Decision Tree allows the creation of interactive flow charts representing decision pathways so that any branching decision process can be modelled. The incorporation of audio, video and images at each decision node enhances the learner's experience.
Connect with The University of Auckland. This page on the Staff Intranet provides guidelines for the use of social media, plus a link to the list of University-endorsed social media tools for teaching.
Communities of interest
SCOPE is a showcase of people and projects. It connects you with the resources, ideas, inspiration and support that you need in your teaching.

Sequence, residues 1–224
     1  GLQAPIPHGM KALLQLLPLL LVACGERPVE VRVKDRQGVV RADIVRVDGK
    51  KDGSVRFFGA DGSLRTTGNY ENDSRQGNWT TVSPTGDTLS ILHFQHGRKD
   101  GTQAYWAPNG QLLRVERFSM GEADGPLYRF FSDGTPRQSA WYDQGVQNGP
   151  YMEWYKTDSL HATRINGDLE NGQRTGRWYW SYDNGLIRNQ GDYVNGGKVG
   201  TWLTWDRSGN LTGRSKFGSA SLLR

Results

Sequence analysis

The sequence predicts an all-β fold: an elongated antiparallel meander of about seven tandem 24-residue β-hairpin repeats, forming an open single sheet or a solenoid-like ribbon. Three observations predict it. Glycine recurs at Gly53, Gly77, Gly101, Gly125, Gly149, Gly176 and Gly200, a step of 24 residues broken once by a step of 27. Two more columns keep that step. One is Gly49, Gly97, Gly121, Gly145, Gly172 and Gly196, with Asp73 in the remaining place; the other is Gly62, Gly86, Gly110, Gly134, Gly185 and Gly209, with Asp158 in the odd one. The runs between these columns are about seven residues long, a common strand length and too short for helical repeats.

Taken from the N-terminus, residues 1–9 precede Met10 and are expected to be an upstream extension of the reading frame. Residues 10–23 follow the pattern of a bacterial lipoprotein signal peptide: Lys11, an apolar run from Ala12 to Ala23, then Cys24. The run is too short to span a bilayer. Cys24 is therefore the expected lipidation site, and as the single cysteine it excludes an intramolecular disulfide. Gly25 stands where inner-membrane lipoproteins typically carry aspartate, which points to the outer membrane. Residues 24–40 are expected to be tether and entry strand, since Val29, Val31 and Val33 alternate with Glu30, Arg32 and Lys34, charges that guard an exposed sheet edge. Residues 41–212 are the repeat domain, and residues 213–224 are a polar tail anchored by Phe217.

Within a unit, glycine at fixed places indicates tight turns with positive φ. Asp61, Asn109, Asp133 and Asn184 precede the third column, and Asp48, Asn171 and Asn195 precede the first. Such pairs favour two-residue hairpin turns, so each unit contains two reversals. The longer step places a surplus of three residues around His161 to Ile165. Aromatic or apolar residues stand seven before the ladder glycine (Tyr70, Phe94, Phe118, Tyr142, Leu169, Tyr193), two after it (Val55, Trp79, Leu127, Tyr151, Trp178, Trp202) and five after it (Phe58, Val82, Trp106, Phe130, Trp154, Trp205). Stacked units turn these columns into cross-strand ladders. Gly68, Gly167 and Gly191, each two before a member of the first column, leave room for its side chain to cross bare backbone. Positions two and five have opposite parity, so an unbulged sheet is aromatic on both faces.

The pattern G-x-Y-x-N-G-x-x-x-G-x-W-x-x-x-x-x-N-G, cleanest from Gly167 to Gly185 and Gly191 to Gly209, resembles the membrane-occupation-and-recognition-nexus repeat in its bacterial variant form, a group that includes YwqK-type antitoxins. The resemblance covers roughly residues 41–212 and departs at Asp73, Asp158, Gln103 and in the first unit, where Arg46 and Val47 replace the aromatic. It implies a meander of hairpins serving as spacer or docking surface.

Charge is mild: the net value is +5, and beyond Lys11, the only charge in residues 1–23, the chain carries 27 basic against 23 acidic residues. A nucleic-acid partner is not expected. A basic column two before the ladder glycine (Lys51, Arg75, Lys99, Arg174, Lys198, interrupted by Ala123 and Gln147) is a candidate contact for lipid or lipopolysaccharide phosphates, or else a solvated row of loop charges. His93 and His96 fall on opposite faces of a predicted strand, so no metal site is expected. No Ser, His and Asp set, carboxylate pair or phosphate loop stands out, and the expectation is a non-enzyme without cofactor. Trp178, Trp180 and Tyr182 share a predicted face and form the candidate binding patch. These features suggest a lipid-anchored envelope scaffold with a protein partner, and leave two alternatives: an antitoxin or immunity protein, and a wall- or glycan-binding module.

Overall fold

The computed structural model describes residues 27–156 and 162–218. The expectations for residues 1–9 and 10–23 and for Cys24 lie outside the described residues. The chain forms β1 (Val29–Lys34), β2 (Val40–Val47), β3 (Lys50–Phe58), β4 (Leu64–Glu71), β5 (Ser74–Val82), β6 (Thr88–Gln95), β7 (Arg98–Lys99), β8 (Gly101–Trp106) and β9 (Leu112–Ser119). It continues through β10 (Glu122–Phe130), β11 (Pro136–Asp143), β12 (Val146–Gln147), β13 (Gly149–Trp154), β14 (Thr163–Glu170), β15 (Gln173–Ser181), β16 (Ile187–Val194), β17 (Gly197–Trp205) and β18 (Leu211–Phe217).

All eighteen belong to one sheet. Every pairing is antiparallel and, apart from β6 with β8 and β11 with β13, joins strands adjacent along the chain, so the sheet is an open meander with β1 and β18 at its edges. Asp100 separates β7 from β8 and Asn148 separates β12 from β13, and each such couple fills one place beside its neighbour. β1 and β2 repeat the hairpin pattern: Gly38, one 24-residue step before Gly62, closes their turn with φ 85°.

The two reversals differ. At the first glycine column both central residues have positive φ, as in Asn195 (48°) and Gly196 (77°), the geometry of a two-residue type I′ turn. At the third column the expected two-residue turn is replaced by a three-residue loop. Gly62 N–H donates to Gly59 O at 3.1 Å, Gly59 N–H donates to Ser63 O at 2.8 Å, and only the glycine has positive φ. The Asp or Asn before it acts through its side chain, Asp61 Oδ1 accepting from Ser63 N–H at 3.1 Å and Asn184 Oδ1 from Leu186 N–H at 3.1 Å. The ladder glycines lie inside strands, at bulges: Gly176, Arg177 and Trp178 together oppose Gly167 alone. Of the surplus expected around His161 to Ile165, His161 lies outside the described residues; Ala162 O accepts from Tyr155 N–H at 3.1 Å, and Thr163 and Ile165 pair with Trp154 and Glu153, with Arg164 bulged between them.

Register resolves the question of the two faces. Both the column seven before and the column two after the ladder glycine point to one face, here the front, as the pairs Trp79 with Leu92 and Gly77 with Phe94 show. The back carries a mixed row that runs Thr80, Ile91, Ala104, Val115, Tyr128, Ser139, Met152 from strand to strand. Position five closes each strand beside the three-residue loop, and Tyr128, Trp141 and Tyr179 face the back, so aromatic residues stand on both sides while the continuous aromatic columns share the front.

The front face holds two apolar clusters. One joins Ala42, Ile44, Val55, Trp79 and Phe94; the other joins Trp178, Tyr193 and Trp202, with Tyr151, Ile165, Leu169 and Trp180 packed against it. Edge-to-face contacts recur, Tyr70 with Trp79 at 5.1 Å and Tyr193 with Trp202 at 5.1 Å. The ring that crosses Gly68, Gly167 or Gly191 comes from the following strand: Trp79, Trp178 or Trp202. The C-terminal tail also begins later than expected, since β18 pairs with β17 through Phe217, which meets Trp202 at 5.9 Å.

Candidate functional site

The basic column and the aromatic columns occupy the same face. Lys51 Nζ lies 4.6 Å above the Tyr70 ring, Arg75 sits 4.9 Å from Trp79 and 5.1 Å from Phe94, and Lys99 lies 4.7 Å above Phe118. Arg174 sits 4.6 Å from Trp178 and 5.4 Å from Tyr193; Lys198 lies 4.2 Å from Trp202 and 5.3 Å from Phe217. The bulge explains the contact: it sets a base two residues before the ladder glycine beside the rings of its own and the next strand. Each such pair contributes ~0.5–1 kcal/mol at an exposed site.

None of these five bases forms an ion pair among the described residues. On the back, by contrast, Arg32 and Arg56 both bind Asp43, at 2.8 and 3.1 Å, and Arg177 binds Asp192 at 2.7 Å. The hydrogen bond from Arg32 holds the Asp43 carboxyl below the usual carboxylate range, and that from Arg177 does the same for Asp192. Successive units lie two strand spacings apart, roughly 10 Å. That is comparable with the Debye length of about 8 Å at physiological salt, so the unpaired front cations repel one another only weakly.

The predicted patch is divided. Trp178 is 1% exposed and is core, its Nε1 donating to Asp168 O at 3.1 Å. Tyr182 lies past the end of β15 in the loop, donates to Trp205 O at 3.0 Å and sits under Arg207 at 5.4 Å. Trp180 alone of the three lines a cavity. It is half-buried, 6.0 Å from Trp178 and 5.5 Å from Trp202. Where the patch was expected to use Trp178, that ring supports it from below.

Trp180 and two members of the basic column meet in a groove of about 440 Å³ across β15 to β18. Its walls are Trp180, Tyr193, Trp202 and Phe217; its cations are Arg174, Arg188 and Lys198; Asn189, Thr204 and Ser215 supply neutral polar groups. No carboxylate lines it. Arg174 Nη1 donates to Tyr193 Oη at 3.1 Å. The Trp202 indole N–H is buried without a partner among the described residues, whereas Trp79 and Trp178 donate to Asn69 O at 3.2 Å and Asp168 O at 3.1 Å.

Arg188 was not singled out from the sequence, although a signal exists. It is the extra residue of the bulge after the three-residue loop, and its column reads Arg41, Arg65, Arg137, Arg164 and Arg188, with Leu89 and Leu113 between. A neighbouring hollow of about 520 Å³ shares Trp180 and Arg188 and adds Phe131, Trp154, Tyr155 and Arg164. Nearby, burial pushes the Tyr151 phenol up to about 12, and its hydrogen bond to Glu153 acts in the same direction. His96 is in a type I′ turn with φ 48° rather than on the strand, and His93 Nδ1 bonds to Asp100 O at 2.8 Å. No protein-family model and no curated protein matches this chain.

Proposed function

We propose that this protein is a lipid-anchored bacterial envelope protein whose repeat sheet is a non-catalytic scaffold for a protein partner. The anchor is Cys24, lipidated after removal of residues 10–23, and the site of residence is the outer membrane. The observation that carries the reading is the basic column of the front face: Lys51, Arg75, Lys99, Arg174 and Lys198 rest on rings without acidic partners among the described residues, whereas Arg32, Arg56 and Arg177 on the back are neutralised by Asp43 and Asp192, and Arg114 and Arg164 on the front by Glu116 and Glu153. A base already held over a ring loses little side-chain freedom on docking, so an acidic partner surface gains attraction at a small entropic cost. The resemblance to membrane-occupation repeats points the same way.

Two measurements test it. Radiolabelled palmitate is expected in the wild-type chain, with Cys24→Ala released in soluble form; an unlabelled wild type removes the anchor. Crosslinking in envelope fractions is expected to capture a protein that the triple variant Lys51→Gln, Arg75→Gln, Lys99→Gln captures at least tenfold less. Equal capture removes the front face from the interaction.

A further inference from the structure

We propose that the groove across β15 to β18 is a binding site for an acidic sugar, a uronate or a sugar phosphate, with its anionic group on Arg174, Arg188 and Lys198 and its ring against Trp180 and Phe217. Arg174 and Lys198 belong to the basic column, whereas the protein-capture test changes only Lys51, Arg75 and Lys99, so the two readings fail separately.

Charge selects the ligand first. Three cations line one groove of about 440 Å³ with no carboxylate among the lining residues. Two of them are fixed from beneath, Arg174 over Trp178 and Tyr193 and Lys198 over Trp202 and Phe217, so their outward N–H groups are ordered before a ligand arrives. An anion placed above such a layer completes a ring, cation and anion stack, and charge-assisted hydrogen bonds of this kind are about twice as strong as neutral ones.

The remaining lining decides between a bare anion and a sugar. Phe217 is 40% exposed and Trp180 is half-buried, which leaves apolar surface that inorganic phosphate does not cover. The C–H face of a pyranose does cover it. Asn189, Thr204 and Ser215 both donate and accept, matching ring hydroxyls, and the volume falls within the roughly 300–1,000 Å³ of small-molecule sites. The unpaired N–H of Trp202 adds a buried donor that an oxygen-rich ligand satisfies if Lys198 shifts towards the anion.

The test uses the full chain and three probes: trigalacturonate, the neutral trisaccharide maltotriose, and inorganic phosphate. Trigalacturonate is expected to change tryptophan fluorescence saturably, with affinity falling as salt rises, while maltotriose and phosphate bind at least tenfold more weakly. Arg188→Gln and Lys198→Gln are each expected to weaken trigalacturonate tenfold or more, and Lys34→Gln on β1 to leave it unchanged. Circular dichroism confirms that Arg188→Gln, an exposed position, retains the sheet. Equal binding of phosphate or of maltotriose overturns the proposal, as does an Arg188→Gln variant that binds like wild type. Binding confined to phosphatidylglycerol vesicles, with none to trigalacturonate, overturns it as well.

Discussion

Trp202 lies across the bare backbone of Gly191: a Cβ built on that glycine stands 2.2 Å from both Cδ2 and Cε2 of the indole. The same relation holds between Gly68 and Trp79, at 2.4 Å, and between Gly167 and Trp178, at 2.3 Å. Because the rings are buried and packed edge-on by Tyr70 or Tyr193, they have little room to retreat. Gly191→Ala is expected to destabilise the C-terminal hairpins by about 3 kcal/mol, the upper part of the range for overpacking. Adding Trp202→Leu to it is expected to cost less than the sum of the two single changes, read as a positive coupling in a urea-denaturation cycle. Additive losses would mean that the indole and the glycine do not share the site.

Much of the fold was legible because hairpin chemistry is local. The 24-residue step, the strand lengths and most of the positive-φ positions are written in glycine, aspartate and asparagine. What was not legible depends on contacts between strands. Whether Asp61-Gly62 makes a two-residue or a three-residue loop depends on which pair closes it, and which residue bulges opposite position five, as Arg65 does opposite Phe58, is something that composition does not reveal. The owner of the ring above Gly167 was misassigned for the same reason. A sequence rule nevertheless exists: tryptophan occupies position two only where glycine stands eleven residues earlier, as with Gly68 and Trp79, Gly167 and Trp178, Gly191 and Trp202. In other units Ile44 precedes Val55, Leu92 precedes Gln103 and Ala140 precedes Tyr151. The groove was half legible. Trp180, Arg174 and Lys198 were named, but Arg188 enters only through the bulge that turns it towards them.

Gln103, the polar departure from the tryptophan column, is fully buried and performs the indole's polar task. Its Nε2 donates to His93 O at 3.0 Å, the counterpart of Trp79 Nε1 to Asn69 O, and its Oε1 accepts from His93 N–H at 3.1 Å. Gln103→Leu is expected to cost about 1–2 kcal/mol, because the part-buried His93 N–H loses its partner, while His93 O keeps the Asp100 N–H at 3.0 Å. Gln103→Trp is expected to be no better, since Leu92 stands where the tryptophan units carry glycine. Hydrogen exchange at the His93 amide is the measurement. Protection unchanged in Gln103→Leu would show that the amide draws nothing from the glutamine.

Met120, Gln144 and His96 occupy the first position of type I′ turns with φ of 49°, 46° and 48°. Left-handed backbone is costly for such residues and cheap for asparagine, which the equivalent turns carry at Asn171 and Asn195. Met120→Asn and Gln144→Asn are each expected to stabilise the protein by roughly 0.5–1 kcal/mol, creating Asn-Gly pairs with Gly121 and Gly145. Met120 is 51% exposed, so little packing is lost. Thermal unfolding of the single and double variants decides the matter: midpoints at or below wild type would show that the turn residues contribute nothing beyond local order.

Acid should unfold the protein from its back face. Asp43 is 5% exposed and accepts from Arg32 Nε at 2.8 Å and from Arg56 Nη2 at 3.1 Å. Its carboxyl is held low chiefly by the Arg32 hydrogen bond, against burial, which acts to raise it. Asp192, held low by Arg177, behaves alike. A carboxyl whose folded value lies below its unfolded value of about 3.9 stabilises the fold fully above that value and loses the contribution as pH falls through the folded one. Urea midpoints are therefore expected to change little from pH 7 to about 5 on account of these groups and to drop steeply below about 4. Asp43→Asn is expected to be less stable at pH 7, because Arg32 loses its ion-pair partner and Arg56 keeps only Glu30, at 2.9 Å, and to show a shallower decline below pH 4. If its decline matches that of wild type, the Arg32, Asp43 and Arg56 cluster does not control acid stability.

TV and Radio
TV and Radio broadcasts are streamed and archived (some only short term) by Libraries and Learning Services. The collection includes local and international television channels and recorded programmes for educational use at The University of Auckland.
eTV archives free-to-air television broadcasts from both local and international sources. University staff can download these for use in their teaching under the New Zealand Screenrights Licensing Scheme. Enter your University staff email address and you will be directed to log in through UniSign.
Resources: eTV website
Media Publishing is a tool for uploading video (or audio) files to the University's media server. You will receive a link to a webpage where your students can view the video.
The University has arranged software licences for providing a number of popular applications to UoA staff. See the site licences page on the Staff Intranet for a comprehensive list of available software packages for use at work or home.